I’ve decided to set myself some missions for this year. As previous posts have probably clearly stated, I don’t consider myself a twitcher and would never travel from one end of Britain to the next to find a rarity. However, I don’t see the harm in setting myself some challenges for the coming year…
I’ve never seen a Bittern. During a family holiday to Norfolk as a child I did hear one booming away in the distance, so I can have it as an unsatisfactory tick on the lifelist. A quick trip to Potteric Carr will hopefully sort this one out.
I’ve never seen an Avocet in the wild either. The closest I’ve been is seeing some captive ones at Cotswolds Wildlife Park. They nearly became wild ones when I somehow knocked over one of the panels on their enclosure, and the delicate, curvy-billed birds started to make a bee-line for the new exit. Luckily I managed to prop up the panel and all was well. I suppose that would have been a lot more impressive story if it had involved lions or something. Anyway, a trip to Blacktoft Sands would solve this.
Again, I have an unsatisfactory tick of this one, as when I was a child my godfather pointed to something crow-shaped in the sky and said “that’s a Raven”. I think it’s about time I found one for myself, and I intend to scrabble about the moors a bit more to do so.
I’ve seen a few Kingfishers over the years, but not since I was at university when one darted across Huddersfield Canal, and I graduated in 2002. Early mornings at the Deepcar end of The Don always seemed a good time to spot one when I was younger, so that’s where my search will take place.
5. Red Kite
My brother lives in Oxfordshire and regularly and casually spots Red Kites wheeling overhead when he’s out and about. Git. To be honest this isn’t a difficult one to solve, Yorkshire too has it’s reintroductions, and the RSPB run a Red Kite ‘Aren’t Birds Brilliant’ event at Harewood House, so that will be the best place to start.
I’ve heard it said many times that Crossbills inhabit the conifer plantations in parts of Sheffield, despite this area being bang in the middle of the white patch on the bird’s RSPB distribution map. Is this a mission impossible? Ah, we’ll see.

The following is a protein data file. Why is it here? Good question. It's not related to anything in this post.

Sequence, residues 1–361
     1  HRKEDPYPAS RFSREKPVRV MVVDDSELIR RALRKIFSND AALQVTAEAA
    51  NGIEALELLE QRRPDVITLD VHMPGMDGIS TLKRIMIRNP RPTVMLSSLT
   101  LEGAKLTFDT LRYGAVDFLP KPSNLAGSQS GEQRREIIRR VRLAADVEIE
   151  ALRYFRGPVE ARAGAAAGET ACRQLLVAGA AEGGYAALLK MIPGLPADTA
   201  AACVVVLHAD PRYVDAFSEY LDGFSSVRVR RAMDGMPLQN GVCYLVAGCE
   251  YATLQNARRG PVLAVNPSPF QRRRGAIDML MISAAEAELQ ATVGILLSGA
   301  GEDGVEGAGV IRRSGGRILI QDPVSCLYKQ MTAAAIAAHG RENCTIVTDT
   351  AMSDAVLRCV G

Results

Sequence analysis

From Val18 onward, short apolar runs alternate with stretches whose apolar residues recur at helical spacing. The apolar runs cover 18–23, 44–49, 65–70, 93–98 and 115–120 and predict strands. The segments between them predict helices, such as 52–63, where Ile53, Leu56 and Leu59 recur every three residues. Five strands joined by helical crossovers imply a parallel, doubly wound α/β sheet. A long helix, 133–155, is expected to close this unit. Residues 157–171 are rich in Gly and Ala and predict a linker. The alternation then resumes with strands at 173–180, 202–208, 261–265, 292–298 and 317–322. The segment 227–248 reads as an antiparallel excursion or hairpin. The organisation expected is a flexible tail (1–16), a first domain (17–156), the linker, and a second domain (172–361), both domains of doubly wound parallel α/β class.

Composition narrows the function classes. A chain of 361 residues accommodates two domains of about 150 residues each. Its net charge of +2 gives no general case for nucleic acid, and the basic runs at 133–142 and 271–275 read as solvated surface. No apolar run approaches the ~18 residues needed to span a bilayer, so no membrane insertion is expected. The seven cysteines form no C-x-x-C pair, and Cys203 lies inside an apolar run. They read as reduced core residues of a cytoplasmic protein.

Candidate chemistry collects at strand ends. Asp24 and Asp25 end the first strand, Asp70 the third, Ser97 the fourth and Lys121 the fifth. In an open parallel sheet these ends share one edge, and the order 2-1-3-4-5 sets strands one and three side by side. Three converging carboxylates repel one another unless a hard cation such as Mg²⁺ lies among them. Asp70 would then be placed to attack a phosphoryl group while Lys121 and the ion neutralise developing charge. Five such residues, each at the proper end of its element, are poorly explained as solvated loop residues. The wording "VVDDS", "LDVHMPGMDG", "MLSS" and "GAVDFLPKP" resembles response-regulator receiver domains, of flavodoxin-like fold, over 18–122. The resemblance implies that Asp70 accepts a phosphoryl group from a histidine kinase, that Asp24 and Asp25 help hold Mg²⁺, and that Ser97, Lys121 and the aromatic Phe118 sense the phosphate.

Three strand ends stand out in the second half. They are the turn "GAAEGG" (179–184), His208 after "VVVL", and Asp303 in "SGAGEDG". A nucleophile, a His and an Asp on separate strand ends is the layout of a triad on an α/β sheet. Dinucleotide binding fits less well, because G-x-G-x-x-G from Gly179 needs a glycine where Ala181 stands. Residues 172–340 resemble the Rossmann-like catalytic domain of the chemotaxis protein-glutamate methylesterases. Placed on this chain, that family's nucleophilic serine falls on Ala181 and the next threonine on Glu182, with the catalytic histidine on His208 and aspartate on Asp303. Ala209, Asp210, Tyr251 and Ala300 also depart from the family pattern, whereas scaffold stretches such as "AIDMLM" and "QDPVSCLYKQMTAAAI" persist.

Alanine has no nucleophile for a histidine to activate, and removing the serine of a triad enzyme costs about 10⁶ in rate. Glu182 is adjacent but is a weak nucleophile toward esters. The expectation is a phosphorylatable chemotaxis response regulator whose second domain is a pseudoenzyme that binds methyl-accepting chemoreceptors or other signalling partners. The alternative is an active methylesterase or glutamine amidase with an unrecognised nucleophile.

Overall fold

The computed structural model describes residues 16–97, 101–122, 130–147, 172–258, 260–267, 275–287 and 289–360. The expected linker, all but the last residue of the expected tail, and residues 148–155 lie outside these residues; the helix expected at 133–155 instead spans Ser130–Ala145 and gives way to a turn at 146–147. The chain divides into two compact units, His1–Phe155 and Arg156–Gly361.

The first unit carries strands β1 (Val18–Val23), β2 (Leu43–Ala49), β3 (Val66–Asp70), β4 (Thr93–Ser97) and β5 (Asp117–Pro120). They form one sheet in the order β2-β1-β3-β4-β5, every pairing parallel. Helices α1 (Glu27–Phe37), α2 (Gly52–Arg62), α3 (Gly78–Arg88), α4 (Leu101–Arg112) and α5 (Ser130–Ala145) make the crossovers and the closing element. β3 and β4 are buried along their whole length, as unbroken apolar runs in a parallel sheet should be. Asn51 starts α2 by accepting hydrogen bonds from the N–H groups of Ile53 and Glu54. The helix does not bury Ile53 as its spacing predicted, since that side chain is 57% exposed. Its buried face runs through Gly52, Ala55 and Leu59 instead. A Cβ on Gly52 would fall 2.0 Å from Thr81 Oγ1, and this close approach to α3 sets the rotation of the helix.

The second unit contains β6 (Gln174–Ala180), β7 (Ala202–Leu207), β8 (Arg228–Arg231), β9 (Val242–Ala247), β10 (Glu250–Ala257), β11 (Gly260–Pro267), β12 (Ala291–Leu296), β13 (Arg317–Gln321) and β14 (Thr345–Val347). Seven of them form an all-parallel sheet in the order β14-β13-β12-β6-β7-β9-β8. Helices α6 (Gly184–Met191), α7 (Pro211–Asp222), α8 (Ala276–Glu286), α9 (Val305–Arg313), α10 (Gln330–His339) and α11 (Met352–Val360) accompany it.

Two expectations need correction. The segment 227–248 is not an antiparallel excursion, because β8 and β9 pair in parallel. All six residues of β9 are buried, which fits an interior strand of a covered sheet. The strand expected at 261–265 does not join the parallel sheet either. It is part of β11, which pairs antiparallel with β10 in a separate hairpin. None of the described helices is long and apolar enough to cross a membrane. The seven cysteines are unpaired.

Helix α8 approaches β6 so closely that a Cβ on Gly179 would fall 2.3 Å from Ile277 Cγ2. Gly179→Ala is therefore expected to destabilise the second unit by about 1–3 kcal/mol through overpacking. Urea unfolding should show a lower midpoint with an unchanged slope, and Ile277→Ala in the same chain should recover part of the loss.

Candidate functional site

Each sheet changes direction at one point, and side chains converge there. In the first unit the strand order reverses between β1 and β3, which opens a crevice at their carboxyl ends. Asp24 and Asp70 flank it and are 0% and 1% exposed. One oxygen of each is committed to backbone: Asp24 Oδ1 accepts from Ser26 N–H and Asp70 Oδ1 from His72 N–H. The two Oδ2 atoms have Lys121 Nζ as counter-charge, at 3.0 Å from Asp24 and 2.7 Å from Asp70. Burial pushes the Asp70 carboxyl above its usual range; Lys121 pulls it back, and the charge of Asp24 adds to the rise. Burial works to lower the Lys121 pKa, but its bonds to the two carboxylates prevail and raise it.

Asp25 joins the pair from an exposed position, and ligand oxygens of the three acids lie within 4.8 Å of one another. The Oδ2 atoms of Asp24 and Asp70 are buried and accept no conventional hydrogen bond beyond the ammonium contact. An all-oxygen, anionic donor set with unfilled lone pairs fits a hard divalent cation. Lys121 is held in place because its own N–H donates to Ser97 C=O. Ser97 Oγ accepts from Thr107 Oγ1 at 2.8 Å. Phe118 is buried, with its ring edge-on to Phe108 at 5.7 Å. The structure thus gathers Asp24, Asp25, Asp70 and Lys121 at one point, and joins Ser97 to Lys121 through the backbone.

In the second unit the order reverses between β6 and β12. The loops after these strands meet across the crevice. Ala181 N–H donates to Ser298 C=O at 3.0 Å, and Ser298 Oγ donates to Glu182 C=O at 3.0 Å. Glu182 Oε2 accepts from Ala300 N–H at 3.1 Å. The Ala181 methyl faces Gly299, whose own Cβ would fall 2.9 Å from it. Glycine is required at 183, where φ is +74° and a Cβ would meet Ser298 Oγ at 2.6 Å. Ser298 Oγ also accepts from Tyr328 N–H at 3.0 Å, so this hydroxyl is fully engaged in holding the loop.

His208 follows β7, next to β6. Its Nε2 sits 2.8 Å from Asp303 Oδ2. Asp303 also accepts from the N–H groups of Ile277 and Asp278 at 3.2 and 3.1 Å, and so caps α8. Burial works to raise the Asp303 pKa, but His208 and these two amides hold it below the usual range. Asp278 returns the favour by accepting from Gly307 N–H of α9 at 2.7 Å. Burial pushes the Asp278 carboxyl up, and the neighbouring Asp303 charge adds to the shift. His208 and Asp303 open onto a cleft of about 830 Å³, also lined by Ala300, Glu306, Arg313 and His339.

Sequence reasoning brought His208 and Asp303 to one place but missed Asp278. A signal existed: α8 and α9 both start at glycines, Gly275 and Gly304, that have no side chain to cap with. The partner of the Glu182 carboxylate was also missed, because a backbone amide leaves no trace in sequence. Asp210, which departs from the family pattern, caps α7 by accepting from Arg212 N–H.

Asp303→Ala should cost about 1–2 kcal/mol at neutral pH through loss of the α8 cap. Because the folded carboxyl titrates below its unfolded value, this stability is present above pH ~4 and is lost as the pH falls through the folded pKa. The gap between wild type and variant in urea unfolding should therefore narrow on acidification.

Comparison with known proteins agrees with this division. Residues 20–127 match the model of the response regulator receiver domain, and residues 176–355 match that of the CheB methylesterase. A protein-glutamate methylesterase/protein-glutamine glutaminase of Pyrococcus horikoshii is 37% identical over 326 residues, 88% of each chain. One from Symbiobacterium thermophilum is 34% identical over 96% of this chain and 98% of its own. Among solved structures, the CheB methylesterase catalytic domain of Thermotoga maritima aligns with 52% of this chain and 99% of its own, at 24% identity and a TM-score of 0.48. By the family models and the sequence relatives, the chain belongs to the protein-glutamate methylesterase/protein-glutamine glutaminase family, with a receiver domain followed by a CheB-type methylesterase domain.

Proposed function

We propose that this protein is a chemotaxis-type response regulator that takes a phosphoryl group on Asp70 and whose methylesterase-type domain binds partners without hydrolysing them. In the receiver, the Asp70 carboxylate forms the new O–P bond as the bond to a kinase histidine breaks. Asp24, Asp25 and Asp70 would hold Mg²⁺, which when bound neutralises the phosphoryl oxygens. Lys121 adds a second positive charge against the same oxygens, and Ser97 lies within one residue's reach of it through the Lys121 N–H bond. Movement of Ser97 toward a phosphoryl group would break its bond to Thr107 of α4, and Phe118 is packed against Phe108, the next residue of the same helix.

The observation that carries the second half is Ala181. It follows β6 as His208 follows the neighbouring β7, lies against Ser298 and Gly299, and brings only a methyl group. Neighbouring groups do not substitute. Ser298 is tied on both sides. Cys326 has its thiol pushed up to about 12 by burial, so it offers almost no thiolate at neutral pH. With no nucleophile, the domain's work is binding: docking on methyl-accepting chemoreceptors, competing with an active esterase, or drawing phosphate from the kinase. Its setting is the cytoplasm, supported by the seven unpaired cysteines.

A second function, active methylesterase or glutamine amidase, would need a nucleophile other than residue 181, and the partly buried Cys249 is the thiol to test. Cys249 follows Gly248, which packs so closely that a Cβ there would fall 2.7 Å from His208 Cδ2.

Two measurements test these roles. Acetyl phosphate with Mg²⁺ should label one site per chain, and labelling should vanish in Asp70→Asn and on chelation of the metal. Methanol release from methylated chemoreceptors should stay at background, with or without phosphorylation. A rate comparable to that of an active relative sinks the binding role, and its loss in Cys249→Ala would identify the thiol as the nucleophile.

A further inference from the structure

I have little clue where to find the Sparrowhawk’s larger cousin round here, but I’d love to see one and any suggestions would be well received.
8. Little Auk
The time’s more or less passed now, but after watching Puffins, Guillemots and Razorbills in 2006, it’s be great to finish off the ‘set’ (although I’d need Black Guillemot as well of course). A trip to the East Coast in the late autumn/early winter would be a good idea for this. Hopefully I’ll be able to drive by then, because persuading someone to take me will be hard seeing as Little Auks get washed up in Britain in the wost weather…
9. Short-eared Owl
Apart from a glimpse that was too short to be sure, I’ve never seen a Short-eared Owl. Finding their hunting grounds is the key, and possibly one to combine with the Little Auk at Bempton Cliffs. However, if anyone has any more suggestions closer to home let me know.
Again, a bird I’ve never seen in the wild. One may show up at Old Moor before the end of this winter (which seems to have only just begun…), but if not a trip to the Wash at the end of the year may be in order.
So that’s my ten missions for the year. I will, of course, be keeping this blog up to date with how those are going, hopefully starting with Operation Bittern in the next week or two…
Most recent yearlisters…
30. Chaffinch (Botanical Gardens (BG)) – 31. Goldcrest (BG) – 32. Jay (BG) – 33. Mistle Thrush (BG) – 34. Grey Heron (Chester Zoo) – 35. Jackdaw (Chester Zoo)